Stimulus Package Leads to Encouraging Signs From Consumers, Manufacturers, and Stocks
Interesting economic news coming out of China this week. It looks like the country’s economic stimulus plan has already started to effect positive developments in industrial output and bank lending. Although this does not mean that China’s economy is out of the woods just yet, naturally, it is a good sign that measures taken to combat the global recession are helping the situation.
As Reuters reports today,
China’s economy is in a better shape than expected with March industrial output growth exceeding forecasts, but it still faces big challenges, Premier Wen Jiabao said on Saturday.
Wen, speaking on the day when the central bank reported a record rise in new lending last month, said industrial output growth picked up to 8.3 percent in March from a record low of 3.8 percent in the first two months of the year.
Banks extended 1.89 trillion yuan ($276.6 billion) in local currency-denominated loans in March, bringing the total for the first quarter to 4.58 trillion yuan — nearing the government’s full-year target of at least 5 trillion yuan.
Analysts saw the lending figures as a sign that Beijing’s moves to boost domestic demand were working, but they also cautioned against jumping to the conclusion that a rebound was just round the corner.
As the article says, economists and analysts are cautiously optimistic that measures taken to boost output as well as lending and consumer demand will prove the catalyst to help drive additional economic growth and consumer spending in China, which would help the broader global economy immensely and, hopefully, prove an important part of the global economic recovery.
I think these figures are important because they indicate that despite the dour predictions of some economists about both China’s economy and the global economy, growth (even growth significantly lower than in recent years) will still mean that business opportunity exists in the Chinese market. As some see it, 2009 will be a critical year for China’s economy, as the events of 2008 proved that basing a major economy on exports alone — and cheap exports at that — is not a sustainable model for regular growth. You have to boost consumer spending and, by extension, develop the service sector or else you will be too vulnerable to weaknesses in the global economy (as we have seen). Some bloggers see cause for cautious optimism in China’s massive stimulus plan:
How will China fare in 2009 in the midst of the current economic downturn? Experts believe that China’s $586 billion stimulus package will help offset unemployment resulting from decreased exports and boost employment levels with the increased spending on infrastructure. Early estimates project that China’s stimulus package will create more than 40 million new jobs in the next two years. The strength of the consumer in China will also help the service sector to expand. This growth in the service sector may thus stimulate even more consumer spending, which has historically been a leading driver of China’s economic growth.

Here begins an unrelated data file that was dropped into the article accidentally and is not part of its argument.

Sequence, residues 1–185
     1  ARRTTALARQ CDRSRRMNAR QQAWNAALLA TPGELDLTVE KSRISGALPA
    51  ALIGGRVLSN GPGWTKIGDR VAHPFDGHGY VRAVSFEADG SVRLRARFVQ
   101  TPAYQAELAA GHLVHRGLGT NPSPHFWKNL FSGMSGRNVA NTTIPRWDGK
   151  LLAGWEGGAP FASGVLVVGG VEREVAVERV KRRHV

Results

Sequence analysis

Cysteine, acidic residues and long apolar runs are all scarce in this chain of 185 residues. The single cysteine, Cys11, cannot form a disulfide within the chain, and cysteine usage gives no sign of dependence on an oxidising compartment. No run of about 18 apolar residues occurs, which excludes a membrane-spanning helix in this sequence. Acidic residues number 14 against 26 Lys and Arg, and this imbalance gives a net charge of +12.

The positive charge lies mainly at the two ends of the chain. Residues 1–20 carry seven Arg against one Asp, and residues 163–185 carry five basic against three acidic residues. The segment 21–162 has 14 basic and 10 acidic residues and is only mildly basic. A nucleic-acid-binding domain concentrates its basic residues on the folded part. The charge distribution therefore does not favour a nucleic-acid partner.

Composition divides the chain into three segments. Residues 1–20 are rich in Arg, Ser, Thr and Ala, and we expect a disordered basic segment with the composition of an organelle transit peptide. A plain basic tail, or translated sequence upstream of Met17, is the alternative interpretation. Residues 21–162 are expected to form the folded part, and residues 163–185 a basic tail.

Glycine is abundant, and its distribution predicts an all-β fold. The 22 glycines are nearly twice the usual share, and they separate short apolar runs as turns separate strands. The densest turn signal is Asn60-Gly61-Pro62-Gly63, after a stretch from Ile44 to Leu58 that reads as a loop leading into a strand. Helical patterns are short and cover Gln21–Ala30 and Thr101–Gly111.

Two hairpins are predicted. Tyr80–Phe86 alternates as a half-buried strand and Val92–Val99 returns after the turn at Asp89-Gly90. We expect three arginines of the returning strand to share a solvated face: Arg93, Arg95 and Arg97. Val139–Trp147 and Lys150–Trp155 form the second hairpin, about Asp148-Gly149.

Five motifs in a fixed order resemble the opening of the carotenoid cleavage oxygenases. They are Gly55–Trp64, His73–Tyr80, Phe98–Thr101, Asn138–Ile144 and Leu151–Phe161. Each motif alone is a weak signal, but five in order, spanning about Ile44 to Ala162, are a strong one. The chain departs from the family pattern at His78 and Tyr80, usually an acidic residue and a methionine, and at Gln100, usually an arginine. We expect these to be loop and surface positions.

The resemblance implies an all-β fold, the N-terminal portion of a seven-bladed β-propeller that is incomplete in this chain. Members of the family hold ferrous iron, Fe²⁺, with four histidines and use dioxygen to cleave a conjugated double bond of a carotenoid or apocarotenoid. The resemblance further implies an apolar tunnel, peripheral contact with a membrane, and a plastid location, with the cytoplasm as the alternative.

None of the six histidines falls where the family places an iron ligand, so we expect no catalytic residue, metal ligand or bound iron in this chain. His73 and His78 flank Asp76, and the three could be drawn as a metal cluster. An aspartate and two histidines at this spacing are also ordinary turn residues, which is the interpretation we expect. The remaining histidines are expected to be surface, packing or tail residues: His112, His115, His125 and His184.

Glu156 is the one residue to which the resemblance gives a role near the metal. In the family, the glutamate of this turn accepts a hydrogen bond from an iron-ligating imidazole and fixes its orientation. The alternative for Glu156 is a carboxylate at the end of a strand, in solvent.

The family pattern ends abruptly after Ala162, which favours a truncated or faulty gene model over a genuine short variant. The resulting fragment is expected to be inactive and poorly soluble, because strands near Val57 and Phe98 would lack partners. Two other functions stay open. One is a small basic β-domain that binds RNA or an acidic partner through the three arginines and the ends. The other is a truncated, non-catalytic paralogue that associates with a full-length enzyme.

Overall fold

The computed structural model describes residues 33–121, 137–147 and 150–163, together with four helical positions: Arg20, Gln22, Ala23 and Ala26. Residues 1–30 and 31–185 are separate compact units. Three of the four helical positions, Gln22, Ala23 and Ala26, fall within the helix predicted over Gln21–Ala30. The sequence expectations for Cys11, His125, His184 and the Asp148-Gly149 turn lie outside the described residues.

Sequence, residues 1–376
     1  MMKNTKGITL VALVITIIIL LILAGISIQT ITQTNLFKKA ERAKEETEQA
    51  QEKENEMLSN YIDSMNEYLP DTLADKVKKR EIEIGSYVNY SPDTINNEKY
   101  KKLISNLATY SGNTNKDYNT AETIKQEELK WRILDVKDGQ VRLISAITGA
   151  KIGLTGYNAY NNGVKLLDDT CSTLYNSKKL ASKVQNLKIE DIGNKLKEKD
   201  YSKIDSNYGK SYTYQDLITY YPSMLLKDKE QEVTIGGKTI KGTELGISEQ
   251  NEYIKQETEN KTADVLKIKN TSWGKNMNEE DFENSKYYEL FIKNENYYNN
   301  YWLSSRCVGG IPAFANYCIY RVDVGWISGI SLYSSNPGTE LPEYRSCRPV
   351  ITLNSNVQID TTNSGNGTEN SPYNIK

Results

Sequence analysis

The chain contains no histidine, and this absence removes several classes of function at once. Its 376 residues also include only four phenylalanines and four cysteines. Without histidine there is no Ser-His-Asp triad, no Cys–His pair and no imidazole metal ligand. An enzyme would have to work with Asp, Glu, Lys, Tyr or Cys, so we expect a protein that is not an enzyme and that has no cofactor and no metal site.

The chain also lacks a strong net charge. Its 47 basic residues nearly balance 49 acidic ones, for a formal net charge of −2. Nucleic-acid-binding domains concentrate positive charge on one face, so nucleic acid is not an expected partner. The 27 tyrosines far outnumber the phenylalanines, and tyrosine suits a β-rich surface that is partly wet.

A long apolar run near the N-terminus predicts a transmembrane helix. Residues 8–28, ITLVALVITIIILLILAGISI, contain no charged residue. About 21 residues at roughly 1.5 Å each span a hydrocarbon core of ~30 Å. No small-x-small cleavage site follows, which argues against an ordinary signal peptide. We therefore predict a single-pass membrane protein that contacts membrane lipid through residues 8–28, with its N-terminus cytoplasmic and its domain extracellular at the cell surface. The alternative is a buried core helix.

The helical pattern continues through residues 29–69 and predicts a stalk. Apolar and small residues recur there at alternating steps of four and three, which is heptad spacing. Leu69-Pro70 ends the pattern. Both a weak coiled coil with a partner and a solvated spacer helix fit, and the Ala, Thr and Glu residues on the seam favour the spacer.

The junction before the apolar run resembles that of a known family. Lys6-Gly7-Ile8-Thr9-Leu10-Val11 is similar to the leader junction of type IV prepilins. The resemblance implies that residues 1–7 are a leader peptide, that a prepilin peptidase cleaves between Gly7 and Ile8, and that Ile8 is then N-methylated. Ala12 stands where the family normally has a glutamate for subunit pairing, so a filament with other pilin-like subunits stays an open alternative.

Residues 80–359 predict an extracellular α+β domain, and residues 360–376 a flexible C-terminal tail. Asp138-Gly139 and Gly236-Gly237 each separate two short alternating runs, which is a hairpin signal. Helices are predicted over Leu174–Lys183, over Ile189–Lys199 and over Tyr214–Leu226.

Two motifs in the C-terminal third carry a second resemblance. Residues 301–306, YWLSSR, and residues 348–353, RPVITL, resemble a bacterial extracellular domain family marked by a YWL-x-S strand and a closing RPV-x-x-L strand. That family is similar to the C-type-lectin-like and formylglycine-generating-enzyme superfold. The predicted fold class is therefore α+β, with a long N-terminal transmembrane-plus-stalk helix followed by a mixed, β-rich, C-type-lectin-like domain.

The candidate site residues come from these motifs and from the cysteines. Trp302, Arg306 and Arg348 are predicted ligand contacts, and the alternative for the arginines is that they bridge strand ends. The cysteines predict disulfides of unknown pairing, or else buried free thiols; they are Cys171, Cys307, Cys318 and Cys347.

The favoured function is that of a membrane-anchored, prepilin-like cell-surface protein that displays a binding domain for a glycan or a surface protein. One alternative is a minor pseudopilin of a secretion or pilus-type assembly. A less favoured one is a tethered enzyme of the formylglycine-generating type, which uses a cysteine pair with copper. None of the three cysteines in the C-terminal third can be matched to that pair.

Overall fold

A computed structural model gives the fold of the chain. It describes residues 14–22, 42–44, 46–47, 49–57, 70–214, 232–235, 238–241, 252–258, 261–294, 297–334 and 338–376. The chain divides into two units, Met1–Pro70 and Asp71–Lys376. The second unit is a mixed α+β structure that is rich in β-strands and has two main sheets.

China ranks among the world’s largest trading nations and a major importer and exporter of goods and services. It has become the world’s second largest recipient of Foreign Direct Investment (FDI) with more than $92 billion recorded at the end of 2008 while its GDP growth came in at an impressive 9%, according to the National Bureau of Statistics, after several years of averaging in the 10% range. Are there still business opportunities in China? There certainly are.
I think the serious re-think about China’s dependance on both imports and exports could be a good thing in the long run for Chinese and non-Chinese consumers and businesses alike (aside for, I guess, exporters of cheap plastic gadgets), since a thriving Chinese consumer class who is more willing to spend money on services and goods, especially imports, leads to more fluid trade and less susceptibility in China to global fluctuations. Basically, it improves trade and consumption stability. Traditionally, Chinese consumers will, at the first sign of major economic trouble, “shut down,” severely cutting down their spending and saving as much as possible — this is a rational response, of course, but I would posit that Chinese consumers (and Asian consumers, by extension) are willing to cut down on spending far more than western consumers. It can be argued that this is a cultural particularity that has existed in China for centuries.
So, in short, it is reasonable to be tentatively positive about business, trade, and economic growth in China, as consumer markets develop and stimulus spending goes to infrastructure projects across the country. A Chinese consumer base that is willing to spend money has a positive effect on the global economy, not just China’s. And recent stock showings in Shanghai indicate that consumer and business confidence is starting to pick up, leading to the index’s highest close in seven months.